Sorry Jim been gone for few days.
Sanding is the dilema. If you try to sand right away it clogs the sandpaper. You can unclog it by running it over a file card. This is like a wire brush that is used to clean stuck metal particles out of files. However as soon as you touch the wood they clog again.
What I do is to shear scrape as I go. This is done by tilting a scraper at about 45 degrees and pulling is along the work cutting with the lower 1/2 of the tool so you don't get a catch. This will remove much of the torn grain.
To get rid of really trouble areas stop the lathe and use a cabinet scraper. I use a flat one for outside and rounded one for inside the bowl.
I use a hair dryer to dry the surface of the wood. You have to be careful with this because you can cause checks. Actually I'll back up a little. First thing I do is blow all the water out that I can with a compressor. That speeds everything up. Then I use the hair dryer. I only dry it enough to let me sand. This can still be tricky. Try to dry the inside at the same time as the outside. This reduces the chance of checking.
The safest thing is to let it dry, warp, and then sand with the lathe off. However if you leave a big tenon on for the chuck you can have checks in the tenon that can spread. Sometimes I'll coat the tenon on the inside section of bowl over the tenon with Anchorseal end grain sealer and just put the bowl up for a week or so. Then I can remount it and sand with the lathe off.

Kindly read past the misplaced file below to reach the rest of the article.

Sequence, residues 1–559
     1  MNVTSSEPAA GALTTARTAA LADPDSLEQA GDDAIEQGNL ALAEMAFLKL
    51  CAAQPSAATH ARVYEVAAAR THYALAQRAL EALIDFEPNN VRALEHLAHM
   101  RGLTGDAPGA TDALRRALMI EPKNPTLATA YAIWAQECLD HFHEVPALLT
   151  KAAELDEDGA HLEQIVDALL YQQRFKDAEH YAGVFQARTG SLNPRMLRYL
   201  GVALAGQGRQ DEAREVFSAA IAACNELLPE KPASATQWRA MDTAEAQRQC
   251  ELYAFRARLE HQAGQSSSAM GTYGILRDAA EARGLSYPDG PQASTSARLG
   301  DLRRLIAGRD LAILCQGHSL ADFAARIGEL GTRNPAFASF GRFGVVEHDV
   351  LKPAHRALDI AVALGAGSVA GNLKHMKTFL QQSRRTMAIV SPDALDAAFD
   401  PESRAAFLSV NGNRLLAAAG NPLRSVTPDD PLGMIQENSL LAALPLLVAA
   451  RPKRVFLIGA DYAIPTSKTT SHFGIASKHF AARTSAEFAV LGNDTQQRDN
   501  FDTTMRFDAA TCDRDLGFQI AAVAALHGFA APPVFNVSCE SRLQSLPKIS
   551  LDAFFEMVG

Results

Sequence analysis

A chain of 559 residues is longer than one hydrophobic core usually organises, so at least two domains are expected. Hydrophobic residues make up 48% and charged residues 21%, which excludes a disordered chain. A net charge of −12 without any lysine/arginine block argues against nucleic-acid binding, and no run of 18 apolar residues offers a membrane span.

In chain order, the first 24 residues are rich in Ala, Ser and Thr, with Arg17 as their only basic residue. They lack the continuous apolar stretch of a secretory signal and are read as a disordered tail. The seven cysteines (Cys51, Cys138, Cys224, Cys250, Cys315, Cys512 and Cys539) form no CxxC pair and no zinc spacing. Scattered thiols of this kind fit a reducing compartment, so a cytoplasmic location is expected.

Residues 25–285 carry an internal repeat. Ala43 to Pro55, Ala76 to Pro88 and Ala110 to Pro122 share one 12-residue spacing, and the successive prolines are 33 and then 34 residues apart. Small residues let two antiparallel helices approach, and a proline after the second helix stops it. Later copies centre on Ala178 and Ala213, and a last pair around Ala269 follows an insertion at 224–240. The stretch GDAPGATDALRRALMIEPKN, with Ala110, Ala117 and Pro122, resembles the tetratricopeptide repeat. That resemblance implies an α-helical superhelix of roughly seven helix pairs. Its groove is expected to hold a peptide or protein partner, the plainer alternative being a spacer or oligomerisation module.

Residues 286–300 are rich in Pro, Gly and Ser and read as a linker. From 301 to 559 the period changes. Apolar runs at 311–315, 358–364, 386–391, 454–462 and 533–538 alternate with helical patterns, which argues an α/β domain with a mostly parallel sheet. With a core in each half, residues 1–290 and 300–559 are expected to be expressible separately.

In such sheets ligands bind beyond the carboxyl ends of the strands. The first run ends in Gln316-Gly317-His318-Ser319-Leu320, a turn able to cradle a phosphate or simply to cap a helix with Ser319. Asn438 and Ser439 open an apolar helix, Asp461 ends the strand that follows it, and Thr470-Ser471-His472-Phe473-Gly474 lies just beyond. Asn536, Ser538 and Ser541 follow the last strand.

The last thing I do is to turn the tenon off. If I turn it green from start to finish I dry it with the hairdryer and sand. Then I will turn the bowl around,place a rubber sink stopper over the chuck and pull the tailstock up to hold the bowl. Then I turn the bottom down to where there is a very small tenon left. I sand all of this are and then cut the tenon off with a small saw and carve away what's left.
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with any questions.